Right. My sister‘s coming to stay with me today, so you lot can spend the weekend reading other ‘Blogs or dead trees or just talking amongst yourselves.
How about this?
“The so-called ‘Iron Lady’ of the international stage, Margaret Thatcher was, for the most part, a pragmatist in domestic matters, who disguised the timidity of her reforms and her weakness in the face of genuinely powerful segments of the establishment by picking off easy targets and noisily proclaiming a resolve that was, in fact, a projection of her admirers in the media.”
That PG’s a card, isn’t he? Sort of fella’ that drops a deadly smelly in a crowded room and then sneaks off to the kitchen to watch the result. Never mind, with hankie clutched to nose I will take up his challenge.
Like any political leader, Mrs. T. did not achieve all that she might have wished for, but you need to have lived through the ’70s to appreciate the magnitude of her success. After 40 years of accumulating trade union strength and arrogance, she brought the monster to its knees. Similarly, she demonstrated to a people who had never even considered the possibility before, that services hitherto provided by the state (so long as you went along to queue with cap in hand, could be provided much quicker and better by private enterprise. (And before anyone starts on about the railways, let me tell you that you needed to have lived with the ghastly British Rail before you make comparisons!)
Also, you need to have lived with the orthodoxies since the end of WWII to appreciate what a revolution she carried out. Currencies left for the market place to price so that governments couldn’t hide the true nature of their own economies!!! It was a like a Bateman cartoon with 350 economists signing a letter to the TImes telling us the woman was mad. I wonder where they are now?
Yes, there were things she failed to grip but “there is a tide in the affairs of men” and it wasn’t the vested interests which scared her off the NHS and the so-called education service, it was the British people themselves who even today are reluctant to believe the evidence of their own eyes. (But it will come!)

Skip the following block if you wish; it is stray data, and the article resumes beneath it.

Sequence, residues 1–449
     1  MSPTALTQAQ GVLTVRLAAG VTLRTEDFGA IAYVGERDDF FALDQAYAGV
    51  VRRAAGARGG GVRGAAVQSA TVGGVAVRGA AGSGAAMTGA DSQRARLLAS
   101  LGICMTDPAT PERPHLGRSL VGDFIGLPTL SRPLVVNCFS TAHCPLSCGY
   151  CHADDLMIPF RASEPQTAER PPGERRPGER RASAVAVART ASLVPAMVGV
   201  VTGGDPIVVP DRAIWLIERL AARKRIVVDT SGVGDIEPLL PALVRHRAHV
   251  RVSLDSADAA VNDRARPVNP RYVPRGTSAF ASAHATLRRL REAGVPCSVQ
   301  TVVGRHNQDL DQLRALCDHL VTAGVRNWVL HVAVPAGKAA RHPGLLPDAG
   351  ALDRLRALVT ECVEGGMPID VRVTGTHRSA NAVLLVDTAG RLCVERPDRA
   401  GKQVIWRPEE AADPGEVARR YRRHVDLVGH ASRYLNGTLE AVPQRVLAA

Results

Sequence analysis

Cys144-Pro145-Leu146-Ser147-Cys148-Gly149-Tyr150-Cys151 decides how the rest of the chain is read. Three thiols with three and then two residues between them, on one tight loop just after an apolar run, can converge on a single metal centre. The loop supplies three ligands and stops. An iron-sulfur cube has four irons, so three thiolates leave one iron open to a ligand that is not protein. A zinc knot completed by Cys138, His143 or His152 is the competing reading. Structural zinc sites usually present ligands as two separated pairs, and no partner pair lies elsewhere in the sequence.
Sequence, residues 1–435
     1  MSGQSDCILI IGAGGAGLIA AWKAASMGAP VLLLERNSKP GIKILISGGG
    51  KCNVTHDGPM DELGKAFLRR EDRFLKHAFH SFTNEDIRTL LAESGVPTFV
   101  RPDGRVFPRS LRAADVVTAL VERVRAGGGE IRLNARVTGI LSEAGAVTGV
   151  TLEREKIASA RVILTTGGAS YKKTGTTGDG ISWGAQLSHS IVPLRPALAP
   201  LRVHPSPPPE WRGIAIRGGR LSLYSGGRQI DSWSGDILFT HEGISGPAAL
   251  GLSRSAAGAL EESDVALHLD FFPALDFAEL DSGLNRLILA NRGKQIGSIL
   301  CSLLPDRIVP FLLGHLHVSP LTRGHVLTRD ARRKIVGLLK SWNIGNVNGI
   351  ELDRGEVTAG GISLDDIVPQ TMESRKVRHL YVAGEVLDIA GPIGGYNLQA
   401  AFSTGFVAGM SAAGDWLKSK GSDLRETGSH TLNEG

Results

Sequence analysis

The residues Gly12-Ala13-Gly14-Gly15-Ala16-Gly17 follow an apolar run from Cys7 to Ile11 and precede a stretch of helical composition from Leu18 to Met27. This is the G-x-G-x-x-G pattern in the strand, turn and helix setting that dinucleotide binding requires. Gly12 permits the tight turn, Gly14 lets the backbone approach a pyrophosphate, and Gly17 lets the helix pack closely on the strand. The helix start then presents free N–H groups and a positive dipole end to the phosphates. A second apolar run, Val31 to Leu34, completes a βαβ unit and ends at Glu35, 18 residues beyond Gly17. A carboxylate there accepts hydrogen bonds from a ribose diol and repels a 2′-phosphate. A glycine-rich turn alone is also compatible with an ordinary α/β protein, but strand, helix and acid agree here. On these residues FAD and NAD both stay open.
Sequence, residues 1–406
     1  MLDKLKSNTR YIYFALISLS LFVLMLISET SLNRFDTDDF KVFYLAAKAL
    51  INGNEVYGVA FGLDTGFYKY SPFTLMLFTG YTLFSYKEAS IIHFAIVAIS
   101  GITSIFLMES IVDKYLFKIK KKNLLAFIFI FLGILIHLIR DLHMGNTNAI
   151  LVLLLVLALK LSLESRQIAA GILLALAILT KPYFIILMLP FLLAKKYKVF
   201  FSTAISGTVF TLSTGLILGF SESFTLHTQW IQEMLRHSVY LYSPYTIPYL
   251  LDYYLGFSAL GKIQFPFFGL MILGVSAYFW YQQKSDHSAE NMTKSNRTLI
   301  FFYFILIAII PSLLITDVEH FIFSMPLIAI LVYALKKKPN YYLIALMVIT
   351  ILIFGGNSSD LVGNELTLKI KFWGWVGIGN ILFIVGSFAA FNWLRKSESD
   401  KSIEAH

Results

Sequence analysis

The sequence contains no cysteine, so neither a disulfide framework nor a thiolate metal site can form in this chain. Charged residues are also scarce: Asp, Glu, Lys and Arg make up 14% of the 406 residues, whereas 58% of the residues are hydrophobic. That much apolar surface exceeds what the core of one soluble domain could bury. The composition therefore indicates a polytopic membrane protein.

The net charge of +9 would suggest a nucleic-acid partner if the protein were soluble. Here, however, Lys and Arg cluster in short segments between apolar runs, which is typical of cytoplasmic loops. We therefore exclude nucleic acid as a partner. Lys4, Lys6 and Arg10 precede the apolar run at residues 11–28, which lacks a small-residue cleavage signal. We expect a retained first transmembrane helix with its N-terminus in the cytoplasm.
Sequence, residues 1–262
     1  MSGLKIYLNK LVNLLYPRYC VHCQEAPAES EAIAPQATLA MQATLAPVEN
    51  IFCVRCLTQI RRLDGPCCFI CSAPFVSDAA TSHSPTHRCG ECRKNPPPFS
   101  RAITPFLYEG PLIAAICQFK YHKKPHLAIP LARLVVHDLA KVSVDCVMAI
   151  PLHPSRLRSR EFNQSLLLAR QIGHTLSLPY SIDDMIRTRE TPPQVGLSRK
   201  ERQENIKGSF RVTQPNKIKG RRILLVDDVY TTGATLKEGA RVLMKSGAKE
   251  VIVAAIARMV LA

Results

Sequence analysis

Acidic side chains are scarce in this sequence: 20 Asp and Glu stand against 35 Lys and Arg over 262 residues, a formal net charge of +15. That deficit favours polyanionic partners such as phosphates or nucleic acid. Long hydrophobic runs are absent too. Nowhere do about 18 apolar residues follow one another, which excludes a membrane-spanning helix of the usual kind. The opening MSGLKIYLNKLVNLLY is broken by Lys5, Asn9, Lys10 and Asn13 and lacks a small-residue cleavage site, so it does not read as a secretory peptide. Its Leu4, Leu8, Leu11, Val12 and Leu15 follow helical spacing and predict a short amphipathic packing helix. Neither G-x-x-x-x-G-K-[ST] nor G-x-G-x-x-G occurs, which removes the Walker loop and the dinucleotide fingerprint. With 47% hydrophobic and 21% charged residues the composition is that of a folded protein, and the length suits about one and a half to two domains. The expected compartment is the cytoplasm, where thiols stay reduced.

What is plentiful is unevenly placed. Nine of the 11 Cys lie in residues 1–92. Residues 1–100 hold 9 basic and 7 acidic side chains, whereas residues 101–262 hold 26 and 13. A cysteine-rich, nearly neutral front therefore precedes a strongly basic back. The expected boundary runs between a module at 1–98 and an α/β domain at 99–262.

In the end, there was one vested interest she couldn’t kill off – the Tory party. Philosophically and politically she was a 19th c. liberal and she nicked the Tory party from under their silly noses. They never wanted her, liked her or forgave her, and in the end they got her. The consequent decline of their party is a monument to their chauvinism, their stupidity and their corruption.
Now, tell me, exactly what has Tony Blair *actually* achieved?
David, for someone who translates his (right-wing) thoughts into print at every possible opportunity, have you never considered taking a course in basic English grammar? I think you will find that readers tend to attach a little more credence to your comments if they can see that you are able to write reasonable English.
I say this because I noted that in your last comment on PG’s Weblog you used an adjective (quicker) where an adverb (more quickly) was required.
I’m sure that if you made the effort you could find a correspondence course in basic English grammar which you could subscribe to. Just think of the rewards! People might even begin to take you seriously!
Greg is a teacher! How do I know? Elementary, my dear Watson. Firstly, he’s a socialist, and secondly, he’s a pedant; both defining characteristics of what is laughingly known as the teaching ‘profession’ – stop giggling at the back!
To paraphrase Wilde (an impertinence, I know), Greg knows the grammatical price of everything and the stylish value of nothing. Consequently he would prefer to read “…much more quickly and better…” because it is Korrect! rather than “…much quicker and better…” which is perfectly clear and flows more easily. And this from a man who ends a sentence on a preposition; “…which you could subscribe to.” instead of the more elegant and iambically more pleasing “…to which you could subscribe.”
However, honesty impels me to admit that my grammar is often incorrect (although I delude myself that it is always readable), not least because, as I pointed out in another comment on this site, I am a self-taught, Uni-of Life man. When, I suspect, that Greg and the other clever fellows who frequent this blog, were at university learning to be even more clever, I was a ‘Tom’ in the British army and ‘conjugating my participles’, or whatever, was not high on the list of priorities.
Finally, can I ask if anyone out there has some new collective noun for differences in political philosophies. It seems to me that ‘Left’ and ‘Right’ are simply meaningless today. Mrs. Thatcher is a prime example of what I mean. She was never a Tory in the traditional meaning of the word. She was nearer to being a 19th c. liberal with her belief in small government and free trade. So, you clever-clogs out there, come up with some new titles. But hurry, you know who is back tomorrow!
The rational and the irrrational?
The sane and the insane?
Those who would feed rounds into your machine gun to help fight terrorists and those who would stab you in th back and praise terrorists as an authentic uprising of the oppressed?